I'm catching up a bit with these entries; but I can't go further without writing something about mangroves and coastal ecosystems as these have been a huge inspiration to me. I lived for around two years just south of Tanga in Tanzania; the Swahili coast is, and will always be, one of my favourite places on earth. I hadn't really begun my foray into printmaking at that time, but I am certain that the bright, beautiful images in my head have some sort of seed in that time and place. What a place! Salty and bright, mangroves, baobab and bright fabrics, white lateen sails and more hues of sea, sky and vegetation than I'll ever be able to capture. I've been lucky to go back many times since then and take pictures, and draw. I am particularly interested in ecotones, and the mangrove forests in that region have given me inspiration I will return to again and again.
In London last year I attended a lino print class at the fantastic East London Printmakers. The first image to come to mind was one of mangrove apples against a sea and sky scape. In those few classes I boshed out an image and was able to experiment with different plates for colour, and to use an absolutely mega albion press for the first time. Game changer.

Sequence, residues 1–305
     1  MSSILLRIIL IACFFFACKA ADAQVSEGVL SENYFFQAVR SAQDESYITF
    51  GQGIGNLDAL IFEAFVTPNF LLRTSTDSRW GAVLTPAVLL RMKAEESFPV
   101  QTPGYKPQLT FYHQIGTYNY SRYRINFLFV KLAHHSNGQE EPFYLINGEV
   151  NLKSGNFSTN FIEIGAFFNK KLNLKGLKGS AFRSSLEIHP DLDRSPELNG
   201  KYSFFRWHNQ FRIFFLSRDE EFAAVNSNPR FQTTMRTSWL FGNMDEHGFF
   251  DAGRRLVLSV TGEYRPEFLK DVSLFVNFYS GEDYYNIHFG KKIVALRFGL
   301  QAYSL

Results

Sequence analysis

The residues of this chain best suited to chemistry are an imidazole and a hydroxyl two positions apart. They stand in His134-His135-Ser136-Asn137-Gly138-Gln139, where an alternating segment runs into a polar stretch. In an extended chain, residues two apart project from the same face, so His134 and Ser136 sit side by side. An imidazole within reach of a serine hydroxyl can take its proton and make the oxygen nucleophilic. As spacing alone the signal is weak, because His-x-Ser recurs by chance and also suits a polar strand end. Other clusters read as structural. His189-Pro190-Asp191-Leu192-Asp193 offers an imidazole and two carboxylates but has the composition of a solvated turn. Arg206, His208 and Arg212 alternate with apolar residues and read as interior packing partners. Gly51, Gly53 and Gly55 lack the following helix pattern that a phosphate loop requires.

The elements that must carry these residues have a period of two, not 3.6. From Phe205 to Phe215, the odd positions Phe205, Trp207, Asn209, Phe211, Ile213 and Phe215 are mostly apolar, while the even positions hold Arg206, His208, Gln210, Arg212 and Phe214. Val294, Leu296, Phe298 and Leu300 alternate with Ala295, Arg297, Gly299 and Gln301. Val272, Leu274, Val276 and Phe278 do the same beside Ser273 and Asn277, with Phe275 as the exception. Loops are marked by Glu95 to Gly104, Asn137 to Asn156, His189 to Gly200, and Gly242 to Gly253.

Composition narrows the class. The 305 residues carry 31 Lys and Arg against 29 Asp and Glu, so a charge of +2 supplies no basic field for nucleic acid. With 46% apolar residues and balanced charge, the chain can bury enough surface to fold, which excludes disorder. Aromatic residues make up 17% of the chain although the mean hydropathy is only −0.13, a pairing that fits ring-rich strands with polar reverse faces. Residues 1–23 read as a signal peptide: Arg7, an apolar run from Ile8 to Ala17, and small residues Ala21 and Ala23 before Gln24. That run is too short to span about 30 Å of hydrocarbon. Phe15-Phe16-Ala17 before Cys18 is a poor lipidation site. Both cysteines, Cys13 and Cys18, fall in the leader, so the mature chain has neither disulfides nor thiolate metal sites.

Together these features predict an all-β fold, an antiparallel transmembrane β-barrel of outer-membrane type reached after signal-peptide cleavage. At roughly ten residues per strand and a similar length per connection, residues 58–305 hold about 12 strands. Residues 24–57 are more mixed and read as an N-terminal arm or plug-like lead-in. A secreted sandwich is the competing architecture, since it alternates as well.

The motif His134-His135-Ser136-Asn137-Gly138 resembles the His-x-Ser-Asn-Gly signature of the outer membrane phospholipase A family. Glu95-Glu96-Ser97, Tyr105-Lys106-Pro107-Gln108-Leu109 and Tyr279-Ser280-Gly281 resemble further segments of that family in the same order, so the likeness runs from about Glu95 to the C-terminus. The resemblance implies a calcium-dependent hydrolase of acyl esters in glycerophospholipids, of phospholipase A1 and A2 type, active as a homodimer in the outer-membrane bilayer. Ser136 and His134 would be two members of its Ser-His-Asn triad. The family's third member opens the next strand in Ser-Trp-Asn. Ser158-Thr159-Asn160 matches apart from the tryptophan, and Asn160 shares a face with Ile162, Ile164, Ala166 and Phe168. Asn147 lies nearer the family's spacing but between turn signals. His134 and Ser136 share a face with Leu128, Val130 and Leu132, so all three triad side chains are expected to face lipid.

I just spent a week in northern Tanzania packing up my belongings. I don't believe we're leaving, just packing up our permanent base there. Back in Kenya for the week I sat down to draw for my next print and found myself going back to my photographs of mangrove apples and seascapes.
I've decided on a series of square prints of favourite African landscapes. I'm really into Edward Bawden again; I imagine he's properly old fashioned in printmaking terms, but I still see him as the master of many layered lino cuts. I love the way he prints lighter colours over darker in some pieces, giving a muffled, fuzzy look to some sections while other areas remain crisp. I'm hoping to experiment with this when my feet touch the ground again and I can get my inks out! I wonder if EB worried about not being seen as a proper artist? He seems to have been unbothered by the distinction between craft, applied and fine arts- something to aspire to...